Featured at Baikal

Featured Volunteer Opportunity:

Building the Great Baikal Trail

Earth Island is helping build the GREAT BAIKAL TRAIL—which, when completed, will run some 2,200 kilometers around the largest lake in the world! Each summer, dozens of international adventure-loving volunteers work side-by-side with local Russians to build the next stages of this one-of-a-kind trail. For the rest of the year, the GBT sponsors education projects in local villages, where there’s always room for dedicated volunteers! Below you will find more details on the Great Baikal Trail and how you might help out.


Description: Earth Island and its long-term partners at Baikal are now collaborating to build the first national system of trails in Russia.

Earth Island is working closely with the 3 national parks and 4 nature reserves that surround Lake Baikal. Together we have already designed and constructed some 700 kilometers of new trails in and around these protected areas. Some summer projects involve the improvement and maintenance of already-existing trails. Other sections of the GBT are yet to be built, however.

For these new trails, volunteer teams are organized to help clear out and construct bridges, switchbacks, signs, campsites, etc. Starting in 2019, the GBT will begin designing the first accessible pathways for individuals with disabilities or impairments.

Each group is international: an equal mix of local Russians with foreign participants. Team size will vary according to project, usually ranging from 12-17. Project sites also vary from year to year, with locations that include:

  • Zabaikal’ski National Park, where, each year, trails are improved and extended to connect the Holy Nose Peninsula, the Barguzin Mountains, the Chivyrkui Wetlands, and the wooden Siberian village of Ust-Barguzin (home of the park headquarters).
  • The Baikal’ski Nature Reserve, where, every year, crews work on interpretive trails that radiate out from the local visitor center, along the lake-shore, and up into a popular grove with waterfalls.
  • The northern shores of Baikal, where local activists and teachers continue to recruit GBT volunteers, enabling them to connect the railroad town of Severobaikal’sk with a number of sandy beaches and local parks along the upper rim of the lake.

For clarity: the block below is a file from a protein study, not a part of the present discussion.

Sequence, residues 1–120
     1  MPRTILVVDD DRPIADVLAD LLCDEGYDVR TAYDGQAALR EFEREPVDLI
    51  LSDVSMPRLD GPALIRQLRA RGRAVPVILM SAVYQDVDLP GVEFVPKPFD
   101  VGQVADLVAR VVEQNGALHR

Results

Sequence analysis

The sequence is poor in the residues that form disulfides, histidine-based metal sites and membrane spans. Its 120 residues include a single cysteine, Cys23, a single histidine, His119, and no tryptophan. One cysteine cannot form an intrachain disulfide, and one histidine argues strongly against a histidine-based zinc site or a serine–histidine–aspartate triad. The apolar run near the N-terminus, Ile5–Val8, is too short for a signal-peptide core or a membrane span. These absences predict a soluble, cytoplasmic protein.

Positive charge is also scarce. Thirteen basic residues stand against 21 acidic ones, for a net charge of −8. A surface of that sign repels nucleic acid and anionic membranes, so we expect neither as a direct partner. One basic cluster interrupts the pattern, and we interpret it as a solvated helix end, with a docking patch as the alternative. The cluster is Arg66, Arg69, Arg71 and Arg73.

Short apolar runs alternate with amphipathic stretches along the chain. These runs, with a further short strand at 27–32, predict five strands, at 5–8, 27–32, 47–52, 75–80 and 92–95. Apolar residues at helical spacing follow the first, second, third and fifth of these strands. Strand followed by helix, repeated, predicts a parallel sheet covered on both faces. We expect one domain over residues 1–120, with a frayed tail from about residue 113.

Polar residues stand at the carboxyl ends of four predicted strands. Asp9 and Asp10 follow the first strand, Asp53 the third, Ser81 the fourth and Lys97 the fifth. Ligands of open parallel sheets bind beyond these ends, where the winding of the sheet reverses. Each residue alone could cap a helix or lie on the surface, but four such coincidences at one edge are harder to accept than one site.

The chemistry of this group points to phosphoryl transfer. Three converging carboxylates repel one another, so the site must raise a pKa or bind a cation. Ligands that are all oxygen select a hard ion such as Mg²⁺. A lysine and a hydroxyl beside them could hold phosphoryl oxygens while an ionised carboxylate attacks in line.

• Pribaikal’ski National Park, where the GBT has built a popular trail from the port town of Listvyanka to the native Buryat village of Bolshoye Goloustnoye (don’t worry about pronouncing this—even the locals call it BG). Beyond BG, it passes a restored Russian orthodox church right on Baikal’s shores, and then heads northwards to campgrounds on the hills above the lake.

For more information on each project site, please visit the GBT web pages at: http://greatbaikaltrail.org/en/projects/summer


What to Expect along the Trail

Trail Habitats include lakeshores and beaches (for some of the best lake-swimming in the world), steppe-land and rolling taiga, mountain forests, riparian watersheds, and other bird-watching paradises, as well as the large island habitat of Olkhon Island (note: most of these areas are very temperate and dry during the summer).

Location: The LAKE BAIKAL region of south central Russia, directly north of the Mongolian border.

Travel: Lake Baikal is relatively remote. Flights to Irkutsk and Ulan-Ude (via the European Russia or the Far East) run daily, although we encourage international volunteers to take the 3-day Trans-Siberian train trip from Moscow. Entry from China or Mongolia via train is also possible for those coming from a southerly or easterly direction.

Duration: Each volunteer team works for two weeks on one project site. Anyone can join several teams in a row and extend his/her volunteer placement. Most teams work during summer months, although most years the GBT schedules at least one early-autumn project, for those who want a taste of the clear and crisp weather for which Siberia is renowned.